|Born||8 May 1893 Donnybrook, Dublin|
|Died||June 1945 Dublin|
|Occupation||Chemist (Military Records 1915)|
|Debut||21 June 1923 v Wales at Cardiff Arms Park|
|Style||Leg break bowler, wicket keeper.|
|History||David Pickeman was a sound upper order batsman who scored two centuries in senior cricket for Pembroke. He was also, at that level, a useful leg spinner, a fact which was ignored when he played for Ireland, and a capable reserve wicket keeper. |
He was the only son and elder child of William and Janet Pickeman who had come to Dublin from Scotland where the Pickeman family was well established. William was an insurance manager, however his real passion was golf. In the year of his son's birth, William, together with his friend George Ross, was responsible for laying out the famous Portmarnock Golf Course on what had previously been a private link owned by the Jameson family of distilling fame.
In 1915, aged 22, David enlisted in the Royal Engineers, seeing service in France. Military Records show him to have attained at least the rank of corporal, any further information on this would be most welcome. David's career in senior cricket began in 1919, the year in which saw the start of the Leinster Senior League. He was to play until 1931, the bulk of his 138 matches being with Pembroke whom he joined in 1921. For the Sydney Parade club, he hit 2478 runs at 22.94 with two centuries, highest 110. His overall aggregate in senior cricket was 2815 runs at 22.16. He also made 58 dismissals as wicket keeper.
Unfortunately, his two matches for Ireland did not bring him much success. His debut came against Wales at Cardiff in 1923. He was one of four making their first appearance. Ireland won by an innings, the match as a contest being destroyed by the pace of William Pollock in the first few overs. Having dismissed their hosts for 153, Ireland responded with 418 of which David's share was 2. Coming in at the fall of the 6th wicket, he was caught off the fast medium bowling of Trevor Arnott, who was one of the leading amateurs of the day and, besides making several MCC and other tours, was to captain Glamorgan for the next six seasons. Wales did slightly better in their second innings but foundered again against pace, this time that of Wallace Sproule. They were all out for 242, giving David no chance to bat again.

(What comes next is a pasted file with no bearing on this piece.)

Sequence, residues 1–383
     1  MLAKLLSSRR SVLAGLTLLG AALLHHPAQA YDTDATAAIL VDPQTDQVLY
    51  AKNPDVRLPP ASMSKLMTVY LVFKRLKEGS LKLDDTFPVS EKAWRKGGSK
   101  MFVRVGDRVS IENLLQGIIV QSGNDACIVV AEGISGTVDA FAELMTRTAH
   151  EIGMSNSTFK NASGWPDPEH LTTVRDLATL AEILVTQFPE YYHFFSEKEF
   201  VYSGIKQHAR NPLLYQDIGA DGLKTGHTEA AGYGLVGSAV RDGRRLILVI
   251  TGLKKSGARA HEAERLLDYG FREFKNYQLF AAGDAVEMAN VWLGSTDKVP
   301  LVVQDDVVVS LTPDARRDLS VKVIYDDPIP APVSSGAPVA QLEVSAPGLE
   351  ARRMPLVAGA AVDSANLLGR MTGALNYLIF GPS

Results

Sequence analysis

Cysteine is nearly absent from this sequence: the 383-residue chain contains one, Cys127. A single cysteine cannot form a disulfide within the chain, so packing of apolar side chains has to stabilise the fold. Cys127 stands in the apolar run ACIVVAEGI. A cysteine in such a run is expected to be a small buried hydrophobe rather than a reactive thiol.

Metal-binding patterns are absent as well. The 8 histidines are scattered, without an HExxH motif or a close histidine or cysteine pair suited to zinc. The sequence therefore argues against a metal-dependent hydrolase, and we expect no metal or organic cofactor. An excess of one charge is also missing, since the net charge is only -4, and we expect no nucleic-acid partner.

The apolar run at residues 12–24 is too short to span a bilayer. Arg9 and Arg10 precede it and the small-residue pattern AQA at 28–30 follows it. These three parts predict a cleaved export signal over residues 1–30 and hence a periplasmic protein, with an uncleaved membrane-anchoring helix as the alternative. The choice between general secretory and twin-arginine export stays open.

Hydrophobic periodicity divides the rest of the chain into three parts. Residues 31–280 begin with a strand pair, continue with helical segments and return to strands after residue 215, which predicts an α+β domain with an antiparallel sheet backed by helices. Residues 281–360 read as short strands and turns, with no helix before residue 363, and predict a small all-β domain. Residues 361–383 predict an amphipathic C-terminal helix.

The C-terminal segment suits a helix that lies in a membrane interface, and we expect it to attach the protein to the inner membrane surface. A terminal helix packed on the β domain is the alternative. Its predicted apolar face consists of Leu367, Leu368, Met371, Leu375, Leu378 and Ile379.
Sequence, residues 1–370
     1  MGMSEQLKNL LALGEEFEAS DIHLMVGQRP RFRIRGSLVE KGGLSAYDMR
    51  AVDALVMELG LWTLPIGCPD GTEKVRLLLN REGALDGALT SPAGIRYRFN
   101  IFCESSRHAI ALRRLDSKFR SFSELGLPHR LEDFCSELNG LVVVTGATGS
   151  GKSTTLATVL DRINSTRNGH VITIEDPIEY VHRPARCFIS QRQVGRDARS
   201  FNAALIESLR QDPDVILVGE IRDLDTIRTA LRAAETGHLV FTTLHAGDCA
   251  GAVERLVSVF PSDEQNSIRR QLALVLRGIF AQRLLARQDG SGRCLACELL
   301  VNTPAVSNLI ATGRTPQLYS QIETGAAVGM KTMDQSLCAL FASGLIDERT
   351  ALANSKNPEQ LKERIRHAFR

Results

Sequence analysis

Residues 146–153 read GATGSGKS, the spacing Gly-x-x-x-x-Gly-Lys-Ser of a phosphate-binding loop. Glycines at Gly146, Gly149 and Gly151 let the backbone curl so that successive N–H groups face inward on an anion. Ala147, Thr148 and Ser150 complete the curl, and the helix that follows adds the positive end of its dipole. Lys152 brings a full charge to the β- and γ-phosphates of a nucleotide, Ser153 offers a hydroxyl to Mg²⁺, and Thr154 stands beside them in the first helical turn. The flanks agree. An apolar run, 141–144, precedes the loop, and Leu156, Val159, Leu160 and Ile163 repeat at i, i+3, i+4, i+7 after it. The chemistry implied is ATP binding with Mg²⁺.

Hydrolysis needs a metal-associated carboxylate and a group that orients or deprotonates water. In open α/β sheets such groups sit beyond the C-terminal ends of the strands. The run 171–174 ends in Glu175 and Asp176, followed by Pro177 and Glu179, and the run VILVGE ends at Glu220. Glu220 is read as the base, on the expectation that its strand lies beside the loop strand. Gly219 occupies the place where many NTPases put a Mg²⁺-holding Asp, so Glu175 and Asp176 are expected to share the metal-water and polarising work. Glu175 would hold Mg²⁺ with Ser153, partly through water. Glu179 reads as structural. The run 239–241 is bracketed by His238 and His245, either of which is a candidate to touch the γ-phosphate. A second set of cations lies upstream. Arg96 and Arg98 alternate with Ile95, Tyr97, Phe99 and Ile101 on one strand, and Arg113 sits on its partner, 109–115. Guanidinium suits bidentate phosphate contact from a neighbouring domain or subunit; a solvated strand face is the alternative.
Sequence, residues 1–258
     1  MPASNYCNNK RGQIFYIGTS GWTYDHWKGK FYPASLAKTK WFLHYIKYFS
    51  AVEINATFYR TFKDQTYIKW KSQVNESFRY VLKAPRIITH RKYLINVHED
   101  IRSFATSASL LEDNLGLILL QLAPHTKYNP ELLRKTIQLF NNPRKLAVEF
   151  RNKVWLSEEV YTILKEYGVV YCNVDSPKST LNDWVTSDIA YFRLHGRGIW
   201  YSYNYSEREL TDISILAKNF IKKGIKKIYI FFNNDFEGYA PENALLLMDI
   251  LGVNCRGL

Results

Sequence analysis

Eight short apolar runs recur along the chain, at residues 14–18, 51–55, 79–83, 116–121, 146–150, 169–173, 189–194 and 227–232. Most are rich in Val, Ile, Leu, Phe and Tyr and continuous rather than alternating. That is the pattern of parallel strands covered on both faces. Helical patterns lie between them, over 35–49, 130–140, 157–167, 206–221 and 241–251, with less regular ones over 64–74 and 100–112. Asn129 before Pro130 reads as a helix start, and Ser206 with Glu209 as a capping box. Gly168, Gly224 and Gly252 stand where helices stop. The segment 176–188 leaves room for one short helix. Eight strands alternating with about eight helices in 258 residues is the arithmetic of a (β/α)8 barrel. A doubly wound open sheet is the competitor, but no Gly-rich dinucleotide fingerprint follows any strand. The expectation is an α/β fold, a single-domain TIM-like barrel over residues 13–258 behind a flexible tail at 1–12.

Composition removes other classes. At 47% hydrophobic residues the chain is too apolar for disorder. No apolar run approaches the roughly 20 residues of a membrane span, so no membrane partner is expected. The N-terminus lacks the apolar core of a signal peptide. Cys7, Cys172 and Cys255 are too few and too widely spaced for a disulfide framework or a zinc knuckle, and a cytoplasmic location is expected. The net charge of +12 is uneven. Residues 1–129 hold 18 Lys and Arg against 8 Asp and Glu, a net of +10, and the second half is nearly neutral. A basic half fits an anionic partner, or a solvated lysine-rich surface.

He was not recalled to the side until the Scots match of 1926 - at Hamilton Crescent, Glasgow - a game in which Ireland suffered a heavy defeat. Batting first their innings fell away after a good opening stand between Mark Sugden and James Macdonald. Batting at 7 David was caught at the wicket by JM Fleming off the medium pace of Gilbert Hole for 2. Fleming was well known for organising bucolic tours of the English West Country and was also an avid collector of cricket books, one of which, adorned with his personalised and fanciful bookplate, reposes on this writer's shelves. An inevitable hundred by "Wee John" Kerr put the Scots in an unassailable position when they batted, then Ireland crashed to defeat, with David being caught by Kerr off leg spinner Alex Forrester for a duck.
David Chalmers Pickeman did not play for Ireland again, and was only 38 when he gave up cricket. We would welcome any further details of his life, particularly with regard to his education and exact date and place of death. As a further guide to those who think they be able to identify him, he was married in 1923. His sister Eleanor, who was born in 1894, graduated from Trinity College in 1917 and had the married name of Collins.
Edward Liddle, January 2011
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